Grand Canyon National Park
Grand Canyon National Park is located in the American state of Arizona and is the country’s fifteenth established park. The main feature of the park is the Grand Canyon, which is a gorge of the Colorado River, and is often thought of as one of the Seven Natural Wonders of the World. The park contains 1,217,262 acres of land. It was established as an official national park in 1919, but the area was already well known as a landmark for thirty years. In 1903, President Theodore Roosevelt visited the Grand Canyon, but his interest in conservation and his love for the area did not immediately spark interest in the creation of a national park.
The first proposal to convert the Grand Canyon into a national park occurred in 1882 and was introduced as a bill by Senator Benjamin Harrison. If the bill had passed, the park would have been America’s second national park. Harrison tried to pass the bill two more time before he became president in 1888, but was able to establish the Grand Canyon Forest Reserve instead in 1893. It was not until 1919, after Theodore Roosevelt had established the Grand Canyon Game Preserve and Grand Canyon National Monument and after two more attempted bills, that President Woodrow Wilson signed the bill that established the Grand Canyon as a national park. The National Park Service, established in 1916, was given administration of the entire park.
The establishment of Grand Canyon National Park marked an important step for the conservation movement. It is thought that its new status as a national park stopped the plan to dam the Colorado River, although the Glen Canyon Dam would later be developed upriver. The monument formally known as Marble Canyon National Monument was added to the park in 1975. In 1979, the park was declared a World Heritage Site by UNESCO, and in 2010, the park received its own quarter under the America the Beautiful Quarters program.
The Grand Canyon is comprised of a system of deep tributary canyons. The walls of these canyons are colorful and hold rocks that are thought to date back to the Precambrian age. The canyons were created when the Colorado Plateau was raised and the Colorado River pushed through.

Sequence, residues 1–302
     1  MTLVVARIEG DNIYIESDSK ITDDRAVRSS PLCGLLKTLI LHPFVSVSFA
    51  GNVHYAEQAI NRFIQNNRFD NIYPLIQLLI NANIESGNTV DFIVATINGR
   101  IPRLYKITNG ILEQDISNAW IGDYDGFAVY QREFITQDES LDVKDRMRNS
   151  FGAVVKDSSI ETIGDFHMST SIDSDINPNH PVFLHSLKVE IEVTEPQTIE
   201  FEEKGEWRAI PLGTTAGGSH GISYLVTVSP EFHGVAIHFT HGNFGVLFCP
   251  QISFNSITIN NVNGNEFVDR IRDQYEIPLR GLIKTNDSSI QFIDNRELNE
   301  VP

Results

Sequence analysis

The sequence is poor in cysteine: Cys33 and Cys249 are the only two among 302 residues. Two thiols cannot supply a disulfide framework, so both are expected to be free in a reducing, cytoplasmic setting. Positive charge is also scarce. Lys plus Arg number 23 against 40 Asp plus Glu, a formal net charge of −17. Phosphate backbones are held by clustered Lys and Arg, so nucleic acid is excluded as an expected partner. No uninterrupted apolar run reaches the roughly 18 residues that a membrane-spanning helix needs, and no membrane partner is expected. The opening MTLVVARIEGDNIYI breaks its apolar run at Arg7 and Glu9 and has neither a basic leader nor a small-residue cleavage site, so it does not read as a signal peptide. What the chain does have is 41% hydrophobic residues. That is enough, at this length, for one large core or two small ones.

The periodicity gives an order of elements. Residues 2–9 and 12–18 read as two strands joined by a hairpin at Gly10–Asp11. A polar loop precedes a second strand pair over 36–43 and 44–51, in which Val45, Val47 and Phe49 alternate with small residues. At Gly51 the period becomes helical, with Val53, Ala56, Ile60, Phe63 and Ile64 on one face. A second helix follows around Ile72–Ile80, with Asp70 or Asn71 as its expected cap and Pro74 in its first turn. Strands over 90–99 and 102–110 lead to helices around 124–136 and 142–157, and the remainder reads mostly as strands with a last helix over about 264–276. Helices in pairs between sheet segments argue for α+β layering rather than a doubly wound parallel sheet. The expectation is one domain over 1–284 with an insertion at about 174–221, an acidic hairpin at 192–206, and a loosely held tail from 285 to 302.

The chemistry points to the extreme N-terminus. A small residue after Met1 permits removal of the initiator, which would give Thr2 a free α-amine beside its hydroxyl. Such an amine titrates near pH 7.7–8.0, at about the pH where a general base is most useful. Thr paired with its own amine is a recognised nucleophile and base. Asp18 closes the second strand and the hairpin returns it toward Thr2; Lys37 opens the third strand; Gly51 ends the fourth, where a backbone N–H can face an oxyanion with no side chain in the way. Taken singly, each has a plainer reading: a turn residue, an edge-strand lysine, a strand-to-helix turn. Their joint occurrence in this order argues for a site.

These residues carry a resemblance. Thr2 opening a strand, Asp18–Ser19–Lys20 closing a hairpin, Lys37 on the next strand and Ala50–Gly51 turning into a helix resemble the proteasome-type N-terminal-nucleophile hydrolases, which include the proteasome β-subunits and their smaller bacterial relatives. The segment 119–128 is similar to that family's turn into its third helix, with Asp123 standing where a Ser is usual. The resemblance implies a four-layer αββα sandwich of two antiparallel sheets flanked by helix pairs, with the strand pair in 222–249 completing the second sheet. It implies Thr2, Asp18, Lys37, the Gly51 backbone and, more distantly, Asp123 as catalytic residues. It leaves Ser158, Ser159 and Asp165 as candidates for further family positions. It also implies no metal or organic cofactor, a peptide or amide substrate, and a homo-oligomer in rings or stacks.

The North and South Rims of Grand Canyon National Park are the main areas for people to visit. This is due to ease of access in both areas. Most other areas of the park are located in areas with rough terrain, but many of these are accessible by backpacking trails or rough roads. A road connects the two rims at the Navajo Bridge near the city of Page, but this is the only road that connects the two sides of the canyon and takes about five hours to travel by automobile. The Hoover Dam and Boulder City in Nevada also connect the two rims together.
The North Rim of Grand Canyon National Park, which can be accessed by Arizona State Route 67, is smaller than the South Rim and less frequented by visitors. The South Rim, where most visitors can be found, can be accessed by Arizona State Route 64. The south end of the park, which appears near Tusayan, Arizona, holds a road that moves eastward and ends at the east entrance of the park. In total, the South Rim can be accessed by more than thirty miles of paved road.
Grand Canyon National Park features a full-service community known as Grand Canyon Village. This community offers lodging, churches, a hospital, souvenirs, food, fuel, and guided tours along trails. The South Rim also features lodging in the form of two campgrounds in the community and at Desert View. Visitors can stay at hotels in Grand Canyon Village or at the Grand Canyon Lodge. The Grand Canyon Association (GCA), which was established 1932, is a nonprofit organization that raises funds for the benefit of the park. The funds are brought in by visitor centers and retail stores and are managed by the group. The funds go to education regarding the park and nature conservation.
The South Rim of Grand Canyon National Park features many activities for visitors to enjoy, including South Rim Drive, a thirty-five mile driving tour. The eight-mile road to Hermit’s Point features several scenic overlooks including the Powell Memorial, Mojave Point, and Hopi Point. During the months of March to December, visitors traveling to Hopi Point are not allowed to use their own vehicles, but must use the free shuttle service that the National Park Service provides. Unlike the route to Hopi Point, the twenty-five mile road to Desert View is open to travel throughout the year.
Grand Canyon National Park offers many walking trails including the Rim Trail, which moves along eight miles of westward paved trail from the Pipe Creek viewpoint, to seven miles of unpaved trail that ends at Hermit’s Rest. Hiking can begin almost anywhere along this trail, and shuttles are able to return visitors to any of these starting points. One of the most popular starting points is Mather Point, which is located at the south entrance of the park. Another method of surveying the park is provided by small airplanes and helicopters. These private tours begin at Grand Canyon National Park Airport, Las Vegas, and Phoenix. However, due to a crash that occurred in the 1990’s, these tours are no longer allowed to fly within 1,500 feet of the rim of the canyon.